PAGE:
Deaf Date

(500 words)

As a man who’d been almost stone-deaf since birth, meeting women was something out of Christian Brown’s comfort zone. They may have smiled, but from their eyes, and replies, he knew he was less than intelligible.
Now he was shown to a seat in the Koh-I-Noor restaurant. He took a deep breath and looked around at the mainly empty seats, then at his watch. 7.55 p.m. His councillor and psychologist, Susan, had arranged a blind date for him with a lady called Stephanie. She’d told him nothing about her, just that she was attractive, divorced and in her early forties.
But he trusted Susan. Over the past three years, she’d helped him gain social skills and a measure of confidence. Looking in the mirror, he recognised his good looks, despite the hearing aids behind both ears.
A woman with a white stick and sunglasses passed his table, aided by a waiter. “Are you Christian?” he inquired.
Hearing the dull thudding of his own voice, Christian responded that he was Church of England. He must have been intelligible after all, as he saw the woman stifle a laugh. The waiter struggled with both Christian’s pronunciation and the joke, reiterating the question.
Christian read the lips of the woman, presumably Stephanie, as she stood at the table. “Are you Christian Brown? May I join you?” From the way she felt the table and edged around it, he realised she was blind.
Stephanie had likewise been told very little about Christian, and now sat, trying to understand his strange manner of speaking. Susan had said he had a good heart, and that was what she now needed most in a man. She asked Christian if he could lip read and heard a noise that sounded like ‘yes.’
Christian admired her long chestnut hair and judged from the parting that it was her natural colour. She had high cheekbones and perfect teeth. He felt a strong attraction building and told himself to relax, to let her feel at home with him. To his surprise, a waiter brought her a beige plastic-coated card, covered in small bumps.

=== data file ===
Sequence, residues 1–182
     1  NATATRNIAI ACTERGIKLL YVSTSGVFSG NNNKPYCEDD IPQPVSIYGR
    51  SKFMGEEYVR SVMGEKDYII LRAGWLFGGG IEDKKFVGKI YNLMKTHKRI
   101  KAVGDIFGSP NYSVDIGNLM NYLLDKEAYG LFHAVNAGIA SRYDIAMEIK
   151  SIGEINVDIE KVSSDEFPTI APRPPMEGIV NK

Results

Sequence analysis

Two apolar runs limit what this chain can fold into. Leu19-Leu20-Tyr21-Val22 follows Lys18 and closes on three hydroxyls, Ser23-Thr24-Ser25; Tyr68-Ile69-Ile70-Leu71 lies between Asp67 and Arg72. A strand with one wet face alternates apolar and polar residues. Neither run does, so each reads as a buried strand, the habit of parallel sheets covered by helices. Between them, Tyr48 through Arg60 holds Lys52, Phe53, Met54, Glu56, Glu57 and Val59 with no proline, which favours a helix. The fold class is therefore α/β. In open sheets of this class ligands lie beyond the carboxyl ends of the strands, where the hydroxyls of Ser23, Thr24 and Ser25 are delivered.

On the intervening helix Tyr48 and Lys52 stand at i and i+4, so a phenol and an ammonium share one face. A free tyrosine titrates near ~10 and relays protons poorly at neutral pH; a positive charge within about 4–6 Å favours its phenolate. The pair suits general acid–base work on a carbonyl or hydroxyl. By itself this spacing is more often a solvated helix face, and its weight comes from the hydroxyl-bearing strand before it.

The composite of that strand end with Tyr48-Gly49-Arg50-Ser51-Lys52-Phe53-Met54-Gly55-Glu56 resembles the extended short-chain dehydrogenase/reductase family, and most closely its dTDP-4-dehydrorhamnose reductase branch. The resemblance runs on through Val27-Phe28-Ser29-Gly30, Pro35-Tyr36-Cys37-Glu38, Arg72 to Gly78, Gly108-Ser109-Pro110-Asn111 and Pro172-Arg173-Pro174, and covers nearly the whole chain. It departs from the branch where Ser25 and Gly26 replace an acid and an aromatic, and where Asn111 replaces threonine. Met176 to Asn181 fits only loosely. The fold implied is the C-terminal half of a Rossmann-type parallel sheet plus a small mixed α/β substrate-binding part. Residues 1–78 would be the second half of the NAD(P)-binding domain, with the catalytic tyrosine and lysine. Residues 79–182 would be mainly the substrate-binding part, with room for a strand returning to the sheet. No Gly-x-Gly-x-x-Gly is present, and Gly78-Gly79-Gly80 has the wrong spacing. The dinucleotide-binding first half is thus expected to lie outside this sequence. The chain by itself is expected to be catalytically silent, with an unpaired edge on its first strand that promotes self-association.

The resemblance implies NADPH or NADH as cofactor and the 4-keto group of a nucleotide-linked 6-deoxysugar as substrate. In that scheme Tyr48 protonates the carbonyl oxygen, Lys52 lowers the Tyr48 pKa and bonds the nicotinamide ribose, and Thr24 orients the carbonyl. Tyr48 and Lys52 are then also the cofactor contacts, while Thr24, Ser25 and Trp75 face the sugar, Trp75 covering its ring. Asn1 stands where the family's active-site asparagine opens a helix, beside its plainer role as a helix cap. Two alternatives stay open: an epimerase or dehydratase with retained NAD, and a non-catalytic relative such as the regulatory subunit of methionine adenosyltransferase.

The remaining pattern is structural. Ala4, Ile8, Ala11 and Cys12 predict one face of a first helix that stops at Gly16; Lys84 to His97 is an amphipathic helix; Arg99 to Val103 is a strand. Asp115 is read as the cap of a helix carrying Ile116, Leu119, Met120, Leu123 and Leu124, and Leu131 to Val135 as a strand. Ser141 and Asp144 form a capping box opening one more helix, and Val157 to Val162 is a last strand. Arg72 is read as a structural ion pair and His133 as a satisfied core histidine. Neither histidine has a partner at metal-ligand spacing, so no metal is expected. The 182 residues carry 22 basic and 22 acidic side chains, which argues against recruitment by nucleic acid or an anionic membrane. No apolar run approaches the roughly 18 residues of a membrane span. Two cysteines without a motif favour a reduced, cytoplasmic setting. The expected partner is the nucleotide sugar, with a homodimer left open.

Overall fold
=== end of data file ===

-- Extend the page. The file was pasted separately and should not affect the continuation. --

Stephanie skimmed it with her fingertips. “May I have Chicken Vindaloo and Tarka Dahl, please?” She smiled in Christian’s direction, “I like things spicy!”
Christian read her lips and felt his face flush, then, with relief, realised it didn’t matter.
He felt a hand on his shoulder and turned. It was Susan, all smiles at seeing the two of them together. She gestured in sign language to him, whilst speaking it out loud for Stephanie’s benefit. “Hello, Christian, are you all right?”
Stephanie felt a kiss on her cheek and Susan’s hand on hers, and a whisper in her ear.
“Are you OK with Christian?”
They both smiled at Susan, one seeing, one unseeing, one hearing, one unhearing, realising that this wise and compassionate woman was trying her best to bring much-needed romance into both of their lives. Neither felt inclined to object.

Featured in the book, Flash Friction: To Cut a Short Story Short, vol. III: 72 Little Stories

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8 thoughts on “Deaf Date

  1. This short story shows an incredible lack of understanding of either the Deaf community or blindness. It just uses the “disability factor” as a trite sympathetic pull on the heartstrings. Being a good writer means when you choose to use a trope that encompasses an entire group of people, you must be willing to research them. From reading your story, I don’t think you did.
    I won’t read any intent into this story but it reeks of condescension and infantilization. I know personally Deaf people who work for Fortune 500 companies, who have Ph.Ds, who are CEOs, are internationally known artists, and are film makers. Although I will admit the movies are terrible, but bad filmmaking is universal.

    Deaf people don’t even consider themselves disabled…
    I’m sure the rest of your writing is fine, I haven’t seen it. I’m not here to criticize your ability to write.

    1. Hi, thanks for your comment and I’m sorry if you didn’t enjoy the story. It was based closely on real people I know and was intended to be sympathetic, as well as light-hearted.

      1. Hi Simon.
        Thanks for your reply. Your politeness puts me to shame.
        I wrote the above comment without having any coffee and was more sharp-tongued than usual.

  2. I’m not a fan of romance, but this warmed me up so much. In a way, it was so ordinary, but so different in the other. It’s not often that one sees stories about the love life of persons with disabilities. Kudos to you for writing this.

    1. Thank you, Anisha. The assignment was to write about a romantic date. I thought the disability angle would give it a different twist. “What if …?” The characters were all based on real people I know. I’m pleased you liked it!

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